Why is there so much violence? We’re all just imitating each other.

A Black Lives Matter protester carries a shield while facing off against federal officers at the Mark O. Hatfield United States Courthouse on Monday, July 20, 2020, in Portland, Ore. Officers used teargas and projectiles to move the crowd after some protesters tore down a fence fronting the courthouse. (AP Photo/Noah Berger)

George Floyd’s terrible death at the hands of police, and the acts of violence and vandalism that accompanied some of the peaceful protests that followed, shocked the United States and the world. What caused such acts—perpetrated not only by a few members of fringe political groups and a few police officers but also by many ordinary citizens?

René Girard, a leading philosopher of violence, would not be shocked by these acts. He charted how crises in human societies invariably lead to generalized violence—which escalates to extremes through the dynamics of imitation. The United States has been experiencing severe crises in 2020, including the Covid-19 pandemic as well as fractured political and race relations. Girard’s ideas help us to understand why violence (leading to several deaths and millions of dollars of property destruction) appeared and escalated during the recent protests stemming from these crises.

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Crises in human societies invariably lead to generalized violence—which escalates to extremes through the dynamics of imitation.

Girard identified human beings as sophisticated imitators. He showed how human desire is intensely social, or mimetic. While this attribute allows us to build social bonds, it also leads to social contagions in which we imitate each other in intense and irrational ways. During these social contagions, multiple points of stimulation create intense desires that are difficult to resist.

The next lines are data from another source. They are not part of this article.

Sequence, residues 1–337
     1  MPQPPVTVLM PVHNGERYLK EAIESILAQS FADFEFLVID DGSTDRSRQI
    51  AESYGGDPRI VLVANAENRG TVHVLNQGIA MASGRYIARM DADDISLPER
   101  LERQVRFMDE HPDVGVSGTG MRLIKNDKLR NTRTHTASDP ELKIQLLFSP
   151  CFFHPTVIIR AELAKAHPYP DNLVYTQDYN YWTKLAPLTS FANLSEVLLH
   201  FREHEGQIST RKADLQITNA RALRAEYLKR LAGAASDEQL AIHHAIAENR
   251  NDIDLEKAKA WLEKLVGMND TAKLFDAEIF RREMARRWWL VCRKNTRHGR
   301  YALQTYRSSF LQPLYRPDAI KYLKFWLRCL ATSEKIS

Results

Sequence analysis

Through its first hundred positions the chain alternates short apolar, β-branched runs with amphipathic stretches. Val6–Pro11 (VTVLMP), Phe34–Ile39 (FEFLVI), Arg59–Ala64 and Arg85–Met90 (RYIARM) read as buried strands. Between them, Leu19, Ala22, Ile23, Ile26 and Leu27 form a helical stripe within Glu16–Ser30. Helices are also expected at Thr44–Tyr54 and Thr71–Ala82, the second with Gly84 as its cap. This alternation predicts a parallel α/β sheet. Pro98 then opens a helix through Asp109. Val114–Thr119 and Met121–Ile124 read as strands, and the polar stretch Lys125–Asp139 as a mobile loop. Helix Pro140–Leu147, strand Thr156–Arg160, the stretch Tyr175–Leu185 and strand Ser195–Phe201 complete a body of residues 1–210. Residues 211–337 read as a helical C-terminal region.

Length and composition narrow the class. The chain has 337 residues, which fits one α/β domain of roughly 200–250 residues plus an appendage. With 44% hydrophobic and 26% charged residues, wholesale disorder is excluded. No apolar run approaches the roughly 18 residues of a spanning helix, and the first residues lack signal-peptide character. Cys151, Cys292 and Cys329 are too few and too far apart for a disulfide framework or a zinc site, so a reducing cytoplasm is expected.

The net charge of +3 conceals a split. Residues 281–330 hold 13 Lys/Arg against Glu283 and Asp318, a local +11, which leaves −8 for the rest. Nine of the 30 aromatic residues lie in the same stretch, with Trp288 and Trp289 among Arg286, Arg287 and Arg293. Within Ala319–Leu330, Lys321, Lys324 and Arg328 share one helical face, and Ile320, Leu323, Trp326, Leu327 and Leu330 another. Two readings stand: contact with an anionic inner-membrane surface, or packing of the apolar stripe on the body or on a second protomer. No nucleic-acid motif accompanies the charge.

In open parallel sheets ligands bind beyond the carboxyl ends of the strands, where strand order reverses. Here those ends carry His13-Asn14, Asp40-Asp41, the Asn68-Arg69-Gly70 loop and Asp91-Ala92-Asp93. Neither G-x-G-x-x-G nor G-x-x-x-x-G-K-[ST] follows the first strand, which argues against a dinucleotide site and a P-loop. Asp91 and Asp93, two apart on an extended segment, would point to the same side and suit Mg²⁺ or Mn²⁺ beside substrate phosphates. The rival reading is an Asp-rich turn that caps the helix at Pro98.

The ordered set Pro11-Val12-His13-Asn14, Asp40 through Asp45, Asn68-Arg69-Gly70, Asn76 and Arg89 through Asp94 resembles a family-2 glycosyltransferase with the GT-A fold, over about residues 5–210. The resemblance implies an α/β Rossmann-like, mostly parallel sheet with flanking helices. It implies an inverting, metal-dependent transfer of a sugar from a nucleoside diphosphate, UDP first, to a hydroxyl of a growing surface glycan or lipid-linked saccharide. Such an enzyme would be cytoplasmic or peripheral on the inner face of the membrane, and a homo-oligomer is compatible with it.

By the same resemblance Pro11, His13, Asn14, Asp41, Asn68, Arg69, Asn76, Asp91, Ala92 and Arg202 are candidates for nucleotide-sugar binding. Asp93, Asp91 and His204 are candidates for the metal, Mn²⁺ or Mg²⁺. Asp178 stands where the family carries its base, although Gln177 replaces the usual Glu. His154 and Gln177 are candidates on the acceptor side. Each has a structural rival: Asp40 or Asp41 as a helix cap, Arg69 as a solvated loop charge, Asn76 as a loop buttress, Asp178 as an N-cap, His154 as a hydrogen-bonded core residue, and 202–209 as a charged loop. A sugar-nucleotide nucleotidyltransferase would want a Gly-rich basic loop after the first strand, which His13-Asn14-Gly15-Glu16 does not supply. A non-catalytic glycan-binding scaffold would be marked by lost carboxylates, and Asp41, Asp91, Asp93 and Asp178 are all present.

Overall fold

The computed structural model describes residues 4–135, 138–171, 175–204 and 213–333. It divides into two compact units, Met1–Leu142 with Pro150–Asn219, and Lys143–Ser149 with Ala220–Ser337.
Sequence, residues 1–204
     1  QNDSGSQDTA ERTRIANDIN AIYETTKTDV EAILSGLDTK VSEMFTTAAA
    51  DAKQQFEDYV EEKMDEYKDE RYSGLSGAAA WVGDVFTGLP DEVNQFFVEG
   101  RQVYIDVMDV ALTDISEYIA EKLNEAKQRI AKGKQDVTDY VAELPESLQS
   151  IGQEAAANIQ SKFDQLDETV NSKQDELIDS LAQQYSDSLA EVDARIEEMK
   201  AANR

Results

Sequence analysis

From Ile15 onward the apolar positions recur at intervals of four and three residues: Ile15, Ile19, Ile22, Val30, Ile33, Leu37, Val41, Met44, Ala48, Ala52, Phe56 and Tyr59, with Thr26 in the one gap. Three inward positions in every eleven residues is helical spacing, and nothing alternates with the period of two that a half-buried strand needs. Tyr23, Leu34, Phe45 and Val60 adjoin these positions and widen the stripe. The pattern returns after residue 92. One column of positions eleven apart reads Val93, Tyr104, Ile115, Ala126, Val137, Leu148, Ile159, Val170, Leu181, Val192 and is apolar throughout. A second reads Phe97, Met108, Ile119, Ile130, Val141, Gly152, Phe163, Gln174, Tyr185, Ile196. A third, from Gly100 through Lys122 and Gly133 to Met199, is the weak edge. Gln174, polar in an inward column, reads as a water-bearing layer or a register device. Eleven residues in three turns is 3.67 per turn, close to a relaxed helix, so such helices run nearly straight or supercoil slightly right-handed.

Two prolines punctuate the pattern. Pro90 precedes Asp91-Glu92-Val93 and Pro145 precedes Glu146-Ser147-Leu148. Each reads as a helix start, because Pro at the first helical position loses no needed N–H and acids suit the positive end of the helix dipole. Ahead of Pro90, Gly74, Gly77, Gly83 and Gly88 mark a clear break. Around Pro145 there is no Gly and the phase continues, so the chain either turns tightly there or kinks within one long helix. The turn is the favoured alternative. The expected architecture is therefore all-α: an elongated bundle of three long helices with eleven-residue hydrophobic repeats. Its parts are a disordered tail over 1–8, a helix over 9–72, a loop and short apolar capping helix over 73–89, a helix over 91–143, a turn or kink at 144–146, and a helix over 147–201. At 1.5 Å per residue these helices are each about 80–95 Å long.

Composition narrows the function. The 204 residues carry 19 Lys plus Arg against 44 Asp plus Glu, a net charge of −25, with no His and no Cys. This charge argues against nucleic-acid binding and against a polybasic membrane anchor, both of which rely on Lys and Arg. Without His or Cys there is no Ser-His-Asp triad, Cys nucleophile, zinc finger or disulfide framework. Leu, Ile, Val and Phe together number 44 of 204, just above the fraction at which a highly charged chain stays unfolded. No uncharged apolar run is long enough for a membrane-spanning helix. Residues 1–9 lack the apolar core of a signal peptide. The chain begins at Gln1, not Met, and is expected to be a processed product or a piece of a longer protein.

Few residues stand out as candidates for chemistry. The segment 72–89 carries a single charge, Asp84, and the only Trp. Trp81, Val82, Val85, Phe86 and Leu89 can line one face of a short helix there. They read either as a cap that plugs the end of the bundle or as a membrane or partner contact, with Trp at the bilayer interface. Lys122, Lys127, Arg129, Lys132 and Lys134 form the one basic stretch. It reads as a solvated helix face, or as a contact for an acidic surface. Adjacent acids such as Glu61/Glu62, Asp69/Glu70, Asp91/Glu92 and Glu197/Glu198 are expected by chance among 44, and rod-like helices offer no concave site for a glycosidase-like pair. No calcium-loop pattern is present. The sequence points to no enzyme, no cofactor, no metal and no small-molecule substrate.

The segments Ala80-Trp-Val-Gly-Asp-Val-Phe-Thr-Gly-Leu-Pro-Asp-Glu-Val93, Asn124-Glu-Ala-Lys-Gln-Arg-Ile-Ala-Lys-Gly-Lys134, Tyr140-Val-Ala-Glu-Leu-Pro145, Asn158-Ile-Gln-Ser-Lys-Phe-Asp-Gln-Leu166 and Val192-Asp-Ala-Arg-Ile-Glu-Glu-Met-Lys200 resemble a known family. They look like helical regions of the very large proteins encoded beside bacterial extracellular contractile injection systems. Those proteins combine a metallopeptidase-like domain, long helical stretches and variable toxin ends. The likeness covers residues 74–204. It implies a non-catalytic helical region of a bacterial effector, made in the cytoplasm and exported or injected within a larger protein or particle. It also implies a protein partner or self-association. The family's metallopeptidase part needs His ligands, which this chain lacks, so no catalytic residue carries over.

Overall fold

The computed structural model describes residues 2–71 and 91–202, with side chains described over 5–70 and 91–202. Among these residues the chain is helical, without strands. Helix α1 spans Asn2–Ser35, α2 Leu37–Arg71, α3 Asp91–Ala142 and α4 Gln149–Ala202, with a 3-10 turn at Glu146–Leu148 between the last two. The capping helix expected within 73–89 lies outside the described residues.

As we act on these desires, we validate each other in a perverse feedback loop. We do violent and brutal things we would normally not do. We gain a brazenness that is fueled by the powerful transcendence of imitated violence.

If you ask rioters why they undertake violence, you would get a variety of responses, some claiming that they are merely responding to the violence of others. But such justifications do not really make sense, especially when violence is committed against the lives and property of citizens unrelated to the object of the protests (i.e., the police or the state).

The same phenomenon occurred recently with panic-buying during the coronavirus pandemic. Writing for the Australian website ABC Life, a supermarket employee put it like this: “The question on everyone’s minds at work: Why are they buying everything? One customer summed it up: ‘Because everyone else is.’”

Why commit violence? Because other people are doing it.

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Violence, moreover, provides a tremendous “high” and a strong sense of bonding and purpose. If such violence can be directed against an enemy or scapegoat, Girard writes, mob behavior can become the “solution” during times of crisis.

Violence can provide a tremendous “high” and a strong sense of bonding and purpose.

Girard discovered that crises have been commonly resolved across human cultures by directing an accumulation of rivalries and tensions (“all against all”) onto a scapegoat or victim (“all against one”) who is blamed for the crisis. The scapegoating allows for the release of pent-up frustrations, which are channeled into “righteous” violence.

But now we know that engaging in violence only causes more problems. So why do we still do it?

The power of the victim in the modern imagination, alongside the mimetic dynamics of violence, provide an answer. Victims in the ancient world did not have the status that modern victims do. Ancient violence was not done in the name of victims, but rather for honor, conquest, power, riches or vengeance.